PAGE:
New deputy leader for Australia after sex scandal forces party shake-up

SYDNEY (Reuters) - The junior partner in Australia’s coalition government elected as its new leader on Monday a former newspaper editor who takes over as deputy prime minister after an embarrassing sex scandal threatened a decades-old conservative alliance.

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Michael McCormack was chosen in a party-room ballot to replace Barnaby Joyce as the leader of the rural-based National Party after Joyce, who campaigned on family values, resigned over an extramarital affair with his former media secretary.

Joyce is expecting a child with his former staff member and has left his marriage of 24 years. He resisted weeks of pressure to quit but said on Friday he would resign as party leader after a new allegation of sexual harassment emerged.

Under the terms of the coalition deal with Australian Prime Minister Malcolm Turnbull’s centre-right Liberal Party, the leader of the Nationals automatically becomes deputy prime minister.

The drawn-out saga over Joyce’s extramarital affair had threatened to fracture the alliance between the Liberals and Nationals that has been in place for almost 100 years.

McCormack won the party-room vote over a single challenger, George Christensen, who had proposed breaking the alliance with the Nationals’ senior partner.

“I will honour that faith and trust and responsibility by always doing my best,” McCormack told reporters in Canberra.

The alliance suffered during a public falling-out between Turnbull and Joyce over the deputy leader’s affair. Turnbull described it as a “shocking error of judgment”, to which Joyce replied by calling Turnbull “inept”.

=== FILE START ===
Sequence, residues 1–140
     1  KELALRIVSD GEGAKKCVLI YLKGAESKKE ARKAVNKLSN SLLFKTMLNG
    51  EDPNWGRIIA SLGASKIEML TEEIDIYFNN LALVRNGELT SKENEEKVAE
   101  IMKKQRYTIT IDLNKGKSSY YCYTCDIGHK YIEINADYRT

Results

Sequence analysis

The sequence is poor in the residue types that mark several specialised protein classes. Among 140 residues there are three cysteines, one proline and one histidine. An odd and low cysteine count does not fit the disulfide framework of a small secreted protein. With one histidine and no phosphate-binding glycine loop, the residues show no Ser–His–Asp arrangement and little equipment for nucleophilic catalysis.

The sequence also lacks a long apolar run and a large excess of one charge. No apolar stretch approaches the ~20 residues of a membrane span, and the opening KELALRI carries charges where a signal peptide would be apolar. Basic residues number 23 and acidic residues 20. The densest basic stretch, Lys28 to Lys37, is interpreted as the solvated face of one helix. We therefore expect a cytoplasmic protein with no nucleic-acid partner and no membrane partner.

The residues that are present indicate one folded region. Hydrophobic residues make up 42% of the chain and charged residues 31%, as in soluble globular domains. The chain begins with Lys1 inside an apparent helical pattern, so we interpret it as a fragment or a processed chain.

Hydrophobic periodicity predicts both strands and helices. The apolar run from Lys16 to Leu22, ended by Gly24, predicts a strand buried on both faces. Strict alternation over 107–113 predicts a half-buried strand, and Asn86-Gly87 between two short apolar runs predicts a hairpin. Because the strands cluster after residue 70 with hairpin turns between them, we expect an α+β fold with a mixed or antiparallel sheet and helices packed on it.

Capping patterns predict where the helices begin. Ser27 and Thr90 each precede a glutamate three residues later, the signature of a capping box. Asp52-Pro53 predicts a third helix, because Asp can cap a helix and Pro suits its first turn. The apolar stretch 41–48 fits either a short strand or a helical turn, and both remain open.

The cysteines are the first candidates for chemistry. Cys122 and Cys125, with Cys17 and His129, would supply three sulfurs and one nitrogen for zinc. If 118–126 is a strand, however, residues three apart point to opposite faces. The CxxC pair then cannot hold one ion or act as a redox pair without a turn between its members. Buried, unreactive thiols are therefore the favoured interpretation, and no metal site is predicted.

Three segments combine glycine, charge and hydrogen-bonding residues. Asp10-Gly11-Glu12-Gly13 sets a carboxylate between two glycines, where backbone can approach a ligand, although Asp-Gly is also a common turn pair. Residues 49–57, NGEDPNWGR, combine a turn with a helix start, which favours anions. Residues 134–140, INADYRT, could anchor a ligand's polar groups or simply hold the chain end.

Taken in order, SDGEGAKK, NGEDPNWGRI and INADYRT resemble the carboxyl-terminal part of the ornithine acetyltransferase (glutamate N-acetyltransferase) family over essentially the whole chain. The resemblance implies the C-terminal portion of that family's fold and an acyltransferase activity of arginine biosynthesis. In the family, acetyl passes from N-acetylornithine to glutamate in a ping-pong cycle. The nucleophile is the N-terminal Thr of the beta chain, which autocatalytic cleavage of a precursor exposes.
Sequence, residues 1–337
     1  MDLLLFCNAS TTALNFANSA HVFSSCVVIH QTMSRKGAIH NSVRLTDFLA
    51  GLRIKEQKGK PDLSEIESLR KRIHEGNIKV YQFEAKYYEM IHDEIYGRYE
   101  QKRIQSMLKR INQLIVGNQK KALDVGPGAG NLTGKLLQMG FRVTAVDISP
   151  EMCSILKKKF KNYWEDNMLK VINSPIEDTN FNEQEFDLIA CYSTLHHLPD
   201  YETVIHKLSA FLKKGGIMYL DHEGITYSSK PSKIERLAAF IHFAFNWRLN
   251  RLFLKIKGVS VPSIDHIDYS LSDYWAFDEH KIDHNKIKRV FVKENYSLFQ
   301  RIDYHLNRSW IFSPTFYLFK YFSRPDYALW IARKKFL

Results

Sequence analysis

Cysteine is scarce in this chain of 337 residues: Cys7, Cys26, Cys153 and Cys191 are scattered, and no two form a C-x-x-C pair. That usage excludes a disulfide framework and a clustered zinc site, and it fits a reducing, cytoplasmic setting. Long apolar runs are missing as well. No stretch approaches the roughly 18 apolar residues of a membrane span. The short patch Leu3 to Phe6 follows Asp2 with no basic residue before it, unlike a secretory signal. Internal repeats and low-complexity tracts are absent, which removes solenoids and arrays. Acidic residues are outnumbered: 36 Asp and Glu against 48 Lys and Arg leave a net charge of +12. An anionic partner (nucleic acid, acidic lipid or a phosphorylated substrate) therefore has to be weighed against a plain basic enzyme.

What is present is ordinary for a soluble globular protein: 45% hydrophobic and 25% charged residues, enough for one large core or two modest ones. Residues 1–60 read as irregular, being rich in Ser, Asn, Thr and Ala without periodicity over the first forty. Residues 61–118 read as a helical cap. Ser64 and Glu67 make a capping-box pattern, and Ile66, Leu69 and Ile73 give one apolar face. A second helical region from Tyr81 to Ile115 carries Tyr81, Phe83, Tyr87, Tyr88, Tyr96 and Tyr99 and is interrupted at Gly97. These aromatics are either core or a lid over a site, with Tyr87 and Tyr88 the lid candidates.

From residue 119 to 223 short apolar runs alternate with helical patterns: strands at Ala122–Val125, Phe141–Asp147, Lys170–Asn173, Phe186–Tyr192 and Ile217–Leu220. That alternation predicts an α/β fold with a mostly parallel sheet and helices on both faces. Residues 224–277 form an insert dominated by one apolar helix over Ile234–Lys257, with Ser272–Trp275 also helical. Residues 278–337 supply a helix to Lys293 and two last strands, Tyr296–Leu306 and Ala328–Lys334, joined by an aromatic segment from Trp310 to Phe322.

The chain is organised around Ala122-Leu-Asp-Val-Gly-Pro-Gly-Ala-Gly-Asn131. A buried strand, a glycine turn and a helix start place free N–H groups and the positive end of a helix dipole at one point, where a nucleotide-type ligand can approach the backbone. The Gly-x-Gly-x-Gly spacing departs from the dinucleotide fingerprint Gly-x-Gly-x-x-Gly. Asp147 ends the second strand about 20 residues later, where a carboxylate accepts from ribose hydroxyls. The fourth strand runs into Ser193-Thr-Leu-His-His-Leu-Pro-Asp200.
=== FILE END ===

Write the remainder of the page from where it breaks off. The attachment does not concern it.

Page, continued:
Turnbull pointedly did not leave Joyce as acting prime minister when he left Australia last week for meetings with U.S. President Donald Trump in Washington.

McCormack has kept a low profile in recent years but his appointment is not without controversy. He was forced to apologise for stridently homophobic comments he made in an editorial when he was running a rural newspaper in 1993.

Turnbull, also a former journalist, welcomed McCormack’s appointment.

“Our enduring and successful political partnership will continue under Michael’s leadership of the National Party,” Turnbull said in an emailed statement.

Political analysts saw McCormack’s low profile as an early obstacle before elections due by May 2019.

“It will take quite a bit of time before McCormack registers with voters in rural and regional Australia,” said Haydon Manning, a political science professor at Flinders University in South Australia.

“Turnbull doesn’t have much time before the election and he losses his best asset in Joyce, who is without doubt the best retail politician,” he said.

Joyce now moves to the backbench. Little-known outside Australia, he made international headlines in 2015 when he deported two dogs brought into Australia by U.S. actor Johnny Depp without the proper paperwork, a row that became known as the “war on terrier”.

Reporting by Colin Packham; Editing by David Evans and Paul Tait